As a recent college graduate in a serious monogamous relationship, I was incredibly wary of On Chesil Beach before stepping foot in the theater. Would the story of young love turned sour be too affecting, too real? Could I sleep that night? Saoirse read me like an open book in Lady Bird, a favorite that recently made me weep (once more) on a commercial airline, and I wasn’t sure if I was prepared for that kind of emotional beating again just a week later. Luckily for me, On Chesil Beach can’t hold a flickering candle to the emotional realities of Lady Bird or Atonement, a much more successful adaptation of an Ian McEwan novel.
Stilted, flat and infuriatingly narrow-minded, On Chesil Beach takes its supposedly heartbreaking, interior-focused source material and runs with it in the opposite direction, resulting in a film that’s as unsatisfying as its subjects’ sex life. Although Saoirse Ronan and Billy Howle give everything they’ve got, wigs and all, to Dominic Cooke’s directorial debut, their performances aren’t enough to save this wilting period piece from itself.
When I say words like “wilting” and “flat,” you probably picture a pressed-flower-beneath-glass film about a bygone era that’s filled with cliches and sepia tones, something you might enjoy at a matinee with your grandmother and fail to think about again. While On Chesil Beach fully embraces this treacley style in its final act, much of the rest of the film is downright weird, using long takes for comically awkward encounters and pairing bouncy orchestral music with moments of sadness.
It’s hard to know when to laugh, particularly because the subject matter is so bleak: in Blue Valentine fashion, the film shows young English couple Florence (Ronan) and Edward (Howle) struggling to connect and consummate their marriage on their wedding night in 1962, with flashbacks revealing their happy courtship in the years and months prior. But this movie isn’t Blue Valentine, nor is it a blackly comic take on love like The Lobster—it doesn’t seem to know what it is at all. Just as it seems as though we’re about to break into the complex psyches of Florence and Edward—and perhaps get some real commentary on communication and intimacy (or lack thereof)—On Chesil Beach pulls back completely, instructing us to care about this couple but leaving us feeling absolutely nothing.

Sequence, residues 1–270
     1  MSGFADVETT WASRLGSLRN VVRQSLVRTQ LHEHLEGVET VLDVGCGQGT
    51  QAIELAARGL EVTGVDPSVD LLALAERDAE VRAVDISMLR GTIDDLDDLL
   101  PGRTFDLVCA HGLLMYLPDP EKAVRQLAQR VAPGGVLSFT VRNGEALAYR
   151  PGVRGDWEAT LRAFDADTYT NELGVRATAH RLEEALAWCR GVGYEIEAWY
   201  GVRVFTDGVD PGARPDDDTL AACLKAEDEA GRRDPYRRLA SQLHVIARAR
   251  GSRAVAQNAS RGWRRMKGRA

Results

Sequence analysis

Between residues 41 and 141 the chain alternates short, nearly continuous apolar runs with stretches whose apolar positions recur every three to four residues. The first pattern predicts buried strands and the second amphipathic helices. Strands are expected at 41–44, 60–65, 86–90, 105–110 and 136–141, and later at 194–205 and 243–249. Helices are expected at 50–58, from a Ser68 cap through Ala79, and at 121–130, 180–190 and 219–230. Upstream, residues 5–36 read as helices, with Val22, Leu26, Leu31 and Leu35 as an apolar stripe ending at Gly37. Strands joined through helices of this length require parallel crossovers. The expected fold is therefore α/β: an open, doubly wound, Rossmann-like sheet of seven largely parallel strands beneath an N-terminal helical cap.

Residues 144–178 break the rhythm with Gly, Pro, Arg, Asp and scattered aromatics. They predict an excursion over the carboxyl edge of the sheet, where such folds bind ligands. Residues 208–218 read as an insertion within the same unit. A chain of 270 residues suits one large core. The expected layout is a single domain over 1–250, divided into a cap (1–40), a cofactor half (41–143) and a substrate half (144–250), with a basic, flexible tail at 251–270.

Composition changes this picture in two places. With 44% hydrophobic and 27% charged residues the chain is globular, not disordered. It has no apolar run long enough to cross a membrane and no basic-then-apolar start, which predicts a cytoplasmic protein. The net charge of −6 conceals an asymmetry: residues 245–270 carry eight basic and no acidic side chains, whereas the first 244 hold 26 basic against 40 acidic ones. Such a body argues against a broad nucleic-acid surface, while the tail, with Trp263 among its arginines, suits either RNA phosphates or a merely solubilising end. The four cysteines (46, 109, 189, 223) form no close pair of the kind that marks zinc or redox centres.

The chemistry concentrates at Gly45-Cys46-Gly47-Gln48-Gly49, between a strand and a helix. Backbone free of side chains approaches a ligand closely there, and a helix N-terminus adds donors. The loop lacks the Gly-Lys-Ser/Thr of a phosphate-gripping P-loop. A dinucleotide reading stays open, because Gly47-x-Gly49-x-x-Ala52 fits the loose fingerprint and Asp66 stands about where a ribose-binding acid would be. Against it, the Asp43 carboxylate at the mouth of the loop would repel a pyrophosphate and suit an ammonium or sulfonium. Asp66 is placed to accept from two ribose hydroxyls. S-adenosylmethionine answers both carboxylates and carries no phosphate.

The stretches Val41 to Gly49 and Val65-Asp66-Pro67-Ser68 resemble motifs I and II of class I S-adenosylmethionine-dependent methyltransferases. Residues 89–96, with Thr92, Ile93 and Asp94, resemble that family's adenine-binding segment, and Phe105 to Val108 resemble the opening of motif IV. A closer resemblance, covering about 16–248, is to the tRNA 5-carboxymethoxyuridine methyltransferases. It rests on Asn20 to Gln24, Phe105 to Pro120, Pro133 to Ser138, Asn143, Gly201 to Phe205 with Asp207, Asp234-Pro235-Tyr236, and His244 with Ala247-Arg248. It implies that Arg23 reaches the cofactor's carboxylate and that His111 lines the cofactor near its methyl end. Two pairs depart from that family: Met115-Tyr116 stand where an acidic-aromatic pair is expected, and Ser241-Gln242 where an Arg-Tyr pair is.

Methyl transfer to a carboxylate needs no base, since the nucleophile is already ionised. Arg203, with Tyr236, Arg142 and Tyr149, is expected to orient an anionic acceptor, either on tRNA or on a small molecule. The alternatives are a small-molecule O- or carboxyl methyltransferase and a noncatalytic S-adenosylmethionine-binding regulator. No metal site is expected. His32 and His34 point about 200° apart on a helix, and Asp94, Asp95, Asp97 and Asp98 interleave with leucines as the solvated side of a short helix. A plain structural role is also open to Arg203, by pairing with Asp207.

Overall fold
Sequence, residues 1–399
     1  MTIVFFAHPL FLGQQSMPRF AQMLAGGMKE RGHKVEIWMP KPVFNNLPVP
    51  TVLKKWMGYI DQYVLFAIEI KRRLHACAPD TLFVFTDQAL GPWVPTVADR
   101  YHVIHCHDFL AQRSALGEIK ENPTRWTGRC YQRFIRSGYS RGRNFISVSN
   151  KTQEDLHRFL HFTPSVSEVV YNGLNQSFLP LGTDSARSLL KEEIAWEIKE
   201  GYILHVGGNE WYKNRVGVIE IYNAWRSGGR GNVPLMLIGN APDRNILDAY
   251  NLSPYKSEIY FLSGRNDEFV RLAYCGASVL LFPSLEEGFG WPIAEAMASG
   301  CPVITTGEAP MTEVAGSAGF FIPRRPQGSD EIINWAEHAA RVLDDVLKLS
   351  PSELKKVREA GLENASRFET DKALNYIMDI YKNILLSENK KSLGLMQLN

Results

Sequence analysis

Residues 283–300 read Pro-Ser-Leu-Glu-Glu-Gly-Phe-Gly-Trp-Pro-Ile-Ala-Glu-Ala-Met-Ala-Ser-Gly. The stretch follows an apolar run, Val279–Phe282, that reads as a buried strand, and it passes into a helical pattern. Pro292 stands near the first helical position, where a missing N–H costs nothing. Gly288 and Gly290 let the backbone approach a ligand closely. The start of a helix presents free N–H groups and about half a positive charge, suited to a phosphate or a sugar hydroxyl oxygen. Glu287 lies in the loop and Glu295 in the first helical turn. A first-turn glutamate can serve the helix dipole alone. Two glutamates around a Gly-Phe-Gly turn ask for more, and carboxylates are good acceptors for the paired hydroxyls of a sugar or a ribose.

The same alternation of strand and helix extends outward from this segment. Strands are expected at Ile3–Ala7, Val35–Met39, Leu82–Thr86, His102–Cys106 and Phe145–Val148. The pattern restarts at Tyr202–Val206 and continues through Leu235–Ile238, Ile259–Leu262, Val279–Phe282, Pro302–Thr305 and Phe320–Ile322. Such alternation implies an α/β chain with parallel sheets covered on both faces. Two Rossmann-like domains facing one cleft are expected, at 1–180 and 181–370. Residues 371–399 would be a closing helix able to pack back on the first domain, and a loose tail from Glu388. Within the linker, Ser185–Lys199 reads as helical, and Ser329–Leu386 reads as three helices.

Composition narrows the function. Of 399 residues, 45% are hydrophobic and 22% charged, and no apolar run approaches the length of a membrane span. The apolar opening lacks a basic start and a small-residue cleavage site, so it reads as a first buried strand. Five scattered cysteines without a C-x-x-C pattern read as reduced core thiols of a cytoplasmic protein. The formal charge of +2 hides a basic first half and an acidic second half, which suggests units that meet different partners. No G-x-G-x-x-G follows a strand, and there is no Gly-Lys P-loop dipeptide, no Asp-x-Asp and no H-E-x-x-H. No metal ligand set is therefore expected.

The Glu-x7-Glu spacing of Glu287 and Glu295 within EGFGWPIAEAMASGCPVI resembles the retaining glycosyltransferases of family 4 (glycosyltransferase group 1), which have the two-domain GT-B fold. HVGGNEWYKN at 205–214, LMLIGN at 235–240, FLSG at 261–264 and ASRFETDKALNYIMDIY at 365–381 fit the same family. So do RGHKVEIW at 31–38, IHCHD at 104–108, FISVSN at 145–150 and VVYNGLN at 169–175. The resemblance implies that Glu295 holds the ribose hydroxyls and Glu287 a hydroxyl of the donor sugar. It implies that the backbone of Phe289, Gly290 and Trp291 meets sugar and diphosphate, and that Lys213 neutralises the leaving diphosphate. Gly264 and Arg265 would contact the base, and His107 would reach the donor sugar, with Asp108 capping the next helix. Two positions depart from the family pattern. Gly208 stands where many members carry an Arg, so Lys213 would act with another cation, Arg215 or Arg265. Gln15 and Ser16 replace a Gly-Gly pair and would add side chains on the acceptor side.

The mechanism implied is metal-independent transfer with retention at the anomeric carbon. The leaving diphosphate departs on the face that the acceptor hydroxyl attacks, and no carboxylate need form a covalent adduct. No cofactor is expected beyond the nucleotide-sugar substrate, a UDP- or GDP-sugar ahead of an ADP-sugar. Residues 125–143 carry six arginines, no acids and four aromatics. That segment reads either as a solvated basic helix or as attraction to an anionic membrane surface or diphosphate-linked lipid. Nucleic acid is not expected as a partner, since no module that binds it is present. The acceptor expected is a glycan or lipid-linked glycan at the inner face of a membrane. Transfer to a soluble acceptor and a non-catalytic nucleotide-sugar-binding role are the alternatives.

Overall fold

I typically try to avoid explicit spoilers in my reviews, but so much of my disappointment in On Chesil Beach stems from its botched third act and mishandling of incredibly sensitive material that I feel I need to name specifics. As Florence and Edward finally reach a moment of actual sexual contact—and Florence appears utterly terrified by what’s occurring—it’s implied through brief flashback that she was sexually assaulted by her father at a young age. Her trauma renewed by the sight of Edward’s semen, Florence flees the room and heads to the titular Chesil Beach. Edward follows soon after, and the couple have a marriage-ending argument surrounding Florence’s sexuality. She admits she doesn’t want to have sex, not naming any cause but stating explicitly her desire, and proposes that Edward sleep with other women while remaining married to her, satisfying her emotional needs and his physical ones. He rejects this proposal in disgust, and the two part ways, have their marriage annulled, and never speak to one another again. A series of hackneyed flash-forwards from Edward’s point-of-view, featuring Ronan and Howle in full old-people drag, show Edward “learning his lesson” and regretting losing his one true love over a lack of communication, rigid sexual mores, and a complete lack of empathy for his wife. End scene.
By focusing in on Edward’s life and Edward’s regret, On Chesil Beach turns Florence’s sexuality into some kind of distant, tragic inevitability instead of a legitimate aspect of her. The movie has no interest in Florence’s past trauma, Florence’s suffering as a result of that trauma or Florence’s loss at Edward’s refusal to see through her eyes for even a moment, but only the death of what could have been, the loss of some Great Love that it likes to think its constructed.
As Emily Yoshida puts it, On Chesil Beach “treats a young woman’s sexual preference — in this case, apparent asexuality — as a puzzle to be solved.” Once the mystery is revealed (rather tastelessly, and with little context), all that’s left for us to see is Edward’s moping mug, carried from one decade to the next, obscured by various wigs and prosthetics. By the time the couple sees each once more other in the final scene, Florence performing with her famous quintet and Edward sitting in the audience, it’s hard not to roll your eyes along with the credits.